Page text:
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This building is in the Argyll And Bute Council and the Cardross Parish. It is a category B building and was listed on 23/02/1996.

Group Items: N/A, Group Cat: N/A, Map Ref: NS 3476 7744.


1956; renovated 1994. Single and 2-storey, asymmetrical Modern Movement style golf club. Harled and painted white. 2-storey flat-roofed block to SE angle with asymmetrically disposed windows, glazed bow at 1st floor to NW angle, 2 porches to E elevation with row of regular windows between. Single storey wings extending at right angles to N and W from 2-storey block with broad, almost fully glazed bowed projections radiating from N and W elevations.

1994 main door on road elevation, sandstone clad with projecting curved canopy.

Some original metal framed casement windows, bowed projections with modern aluminium windows. Flat roof.


The Cardross Golf Clubhouse is an important golf club of the post-war building period, built in the modern style. There are very few Modernist golf clubhouses in the country. Painted white, the design also draws from Art-Deco 1930s architecture with its stream-lined, angular plan-form and large bowed-windowed communal rooms facing N and W towards the golf course. The combination of the Deco and Modernist style distinguish the building as a rare and distinctive example of its building type in the early post-war building period. The Clubhouse replaced an earlier club (1905) which is understood to have been destroyed by enemy fire during the second World War. The present building owes its height and footprint to its predecessor, as the War Damage Commission required that it follow the general size and massing of the earlier clubhouse. Scotland is widely recognised internationally as the home of golf. Early versions of the game were being played in Scotland during the middle ages. The `Articles and Laws in the Playing of Golf┬┐ were penned in 1744 by the Company of Gentlemen Golfers in Edinburgh. Its principles, as played over 18 holes, still underpin the regulations of the modern game. The popularity of golf in Scotland increased significantly with improved transport and availability of leisure time from the mid 19th century onwards. Early clubs and societies initially met in rooms at an inn or a members┬┐ house near to their course. Purpose-built clubhouses became more common from the mid-nineteenth century onwards and these were typically enlarged with bar, restaurant and other facilities in stages as the popularity of the game increased further throughout the 19th and 20th century. Scotland has produced many pioneering names in golf including five times Open Championship winner and course architect James Braid (1870-1950), and the aforementioned (Old) Tom Morris (1821-1908). The Scottish Golf Union have indicated there are currently around 550 golf courses in Scotland with a total membership of approximately 236,000. List description updated as part of the sporting buildings thematic study (2012-13).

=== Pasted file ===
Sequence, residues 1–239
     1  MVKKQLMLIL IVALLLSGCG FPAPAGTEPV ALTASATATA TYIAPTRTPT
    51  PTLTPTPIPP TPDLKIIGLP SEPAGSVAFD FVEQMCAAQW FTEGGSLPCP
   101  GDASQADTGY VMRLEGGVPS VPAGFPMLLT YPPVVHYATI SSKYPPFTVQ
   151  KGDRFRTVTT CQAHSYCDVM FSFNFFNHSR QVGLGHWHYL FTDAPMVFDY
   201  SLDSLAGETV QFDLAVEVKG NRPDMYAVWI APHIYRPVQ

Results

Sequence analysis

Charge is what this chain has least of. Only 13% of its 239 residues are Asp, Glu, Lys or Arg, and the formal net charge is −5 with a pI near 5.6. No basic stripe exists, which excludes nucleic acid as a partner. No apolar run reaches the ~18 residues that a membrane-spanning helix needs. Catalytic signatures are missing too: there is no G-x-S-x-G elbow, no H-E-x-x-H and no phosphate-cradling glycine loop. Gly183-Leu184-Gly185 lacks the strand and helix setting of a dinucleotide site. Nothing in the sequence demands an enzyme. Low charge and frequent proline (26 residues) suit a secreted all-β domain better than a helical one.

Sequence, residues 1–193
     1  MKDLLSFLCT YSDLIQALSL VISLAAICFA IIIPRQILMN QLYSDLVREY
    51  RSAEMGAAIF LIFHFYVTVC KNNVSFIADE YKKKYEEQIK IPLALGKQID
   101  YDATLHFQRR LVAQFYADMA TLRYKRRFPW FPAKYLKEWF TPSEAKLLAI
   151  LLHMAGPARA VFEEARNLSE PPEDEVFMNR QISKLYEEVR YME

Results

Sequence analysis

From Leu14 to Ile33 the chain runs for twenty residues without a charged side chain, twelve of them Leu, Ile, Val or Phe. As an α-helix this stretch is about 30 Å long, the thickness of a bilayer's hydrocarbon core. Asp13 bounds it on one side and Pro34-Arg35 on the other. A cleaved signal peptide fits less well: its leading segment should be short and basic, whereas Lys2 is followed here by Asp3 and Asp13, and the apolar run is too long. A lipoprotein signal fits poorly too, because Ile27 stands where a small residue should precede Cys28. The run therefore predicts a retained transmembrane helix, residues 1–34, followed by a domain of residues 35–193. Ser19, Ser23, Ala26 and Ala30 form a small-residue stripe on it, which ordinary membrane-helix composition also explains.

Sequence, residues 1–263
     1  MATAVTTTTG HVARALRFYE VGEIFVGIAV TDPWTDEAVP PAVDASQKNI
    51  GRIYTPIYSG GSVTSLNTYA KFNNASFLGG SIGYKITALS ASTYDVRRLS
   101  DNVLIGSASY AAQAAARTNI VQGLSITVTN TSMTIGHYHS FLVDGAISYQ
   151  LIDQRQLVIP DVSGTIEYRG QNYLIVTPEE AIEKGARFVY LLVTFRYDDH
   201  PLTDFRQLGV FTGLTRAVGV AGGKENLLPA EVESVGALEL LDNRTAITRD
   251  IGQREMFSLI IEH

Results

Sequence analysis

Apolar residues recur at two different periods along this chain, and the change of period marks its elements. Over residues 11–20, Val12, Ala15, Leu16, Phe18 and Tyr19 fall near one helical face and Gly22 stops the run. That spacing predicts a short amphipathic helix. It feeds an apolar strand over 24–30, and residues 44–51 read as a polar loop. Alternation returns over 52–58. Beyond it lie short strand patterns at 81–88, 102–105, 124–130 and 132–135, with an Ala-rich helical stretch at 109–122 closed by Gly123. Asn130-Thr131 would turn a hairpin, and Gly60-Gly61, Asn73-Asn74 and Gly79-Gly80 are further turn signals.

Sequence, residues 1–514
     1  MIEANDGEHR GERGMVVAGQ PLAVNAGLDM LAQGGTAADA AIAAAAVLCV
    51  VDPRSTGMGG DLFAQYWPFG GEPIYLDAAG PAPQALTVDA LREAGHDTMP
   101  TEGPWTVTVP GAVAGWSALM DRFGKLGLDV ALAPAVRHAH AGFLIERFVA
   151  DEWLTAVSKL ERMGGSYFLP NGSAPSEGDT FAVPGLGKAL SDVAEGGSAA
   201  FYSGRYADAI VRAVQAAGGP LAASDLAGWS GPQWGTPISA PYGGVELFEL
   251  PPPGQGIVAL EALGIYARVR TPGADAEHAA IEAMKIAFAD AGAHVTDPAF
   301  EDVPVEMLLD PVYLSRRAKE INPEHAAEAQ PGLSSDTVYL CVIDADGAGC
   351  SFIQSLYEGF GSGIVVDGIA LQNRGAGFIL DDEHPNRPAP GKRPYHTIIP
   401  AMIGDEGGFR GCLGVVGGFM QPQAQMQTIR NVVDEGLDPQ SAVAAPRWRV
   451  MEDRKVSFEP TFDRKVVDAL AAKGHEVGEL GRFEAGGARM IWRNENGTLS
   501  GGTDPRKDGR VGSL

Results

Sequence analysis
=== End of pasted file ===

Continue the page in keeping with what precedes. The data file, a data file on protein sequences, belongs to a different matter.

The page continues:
F A Walker and F, Sinclair North Clyde Estuary (1992) p59. Charles McKean The Scottish Thirties (1987), pp89-90. Further information courtesy of Arthur Jones.

© Crown copyright, Historic Scotland. All rights reserved. Mapping information derived from Ordnance Survey digital mapping products under Licence No. 100017509 2012 . Data extracted from Scottish Ministers' Statutory List on . Listing applies equally to the whole building or structure at the address set out in bold at the top of the list entry. This includes both the exterior and the interior, whether or not they are mentioned in the 'Information Supplementary to the Statutory List'. Listed building consent is required for all internal and external works affecting the character of the building. The local planning authority is responsible for determining where listed building consent will be required and can also advise on issues of extent or "curtilage" of the listing, which may cover items remote from the main subject of the listing such as boundary walls, gates, gatepiers, ancillary buildings etc. or interior fixtures. All category C(S) listings were revised to category C on 3rd September 2012. This was a non-statutory change. All enquiries relating to proposed works to a listed building or its setting should be addressed to the local planning authority in the first instance. All other enquiries should be addressed to: Listing & Designed Landscapes Team, Historic Scotland, Room G.51, Longmore House, Salisbury Place, EDINBURGH, EH9 1SH. Tel: +44 (0)131 668 8701 / 8705. Fax: +44 (0)131 668 8765. e-mail: hs.listing@scotland.gsi.gov.uk. Web: http://www.historic-scotland.gov.uk/historicandlistedbuildings.

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Buildings are assigned to one of three categories according to their relative importance. All listed buildings receive equal legal protection, and protection applies equally to the interior and exterior of all listed buildings regardless of category.

ACategory A

Buildings of national or international importance, either architectural or historic, or fine little-altered examples of some particular period, style or building type. (Approximately 8% of the total).

BCategory B

Buildings of regional or more than local importance, or major examples of some particular period, style or building type which may have been altered. (Approximately 51% of the total).

C(S)Category C(S)

Buildings of local importance, lesser examples of any period, style, or building type, as originally constructed or moderately altered; and simple traditional buildings which group well with others in categories A and B. (Approximately 41% of the total).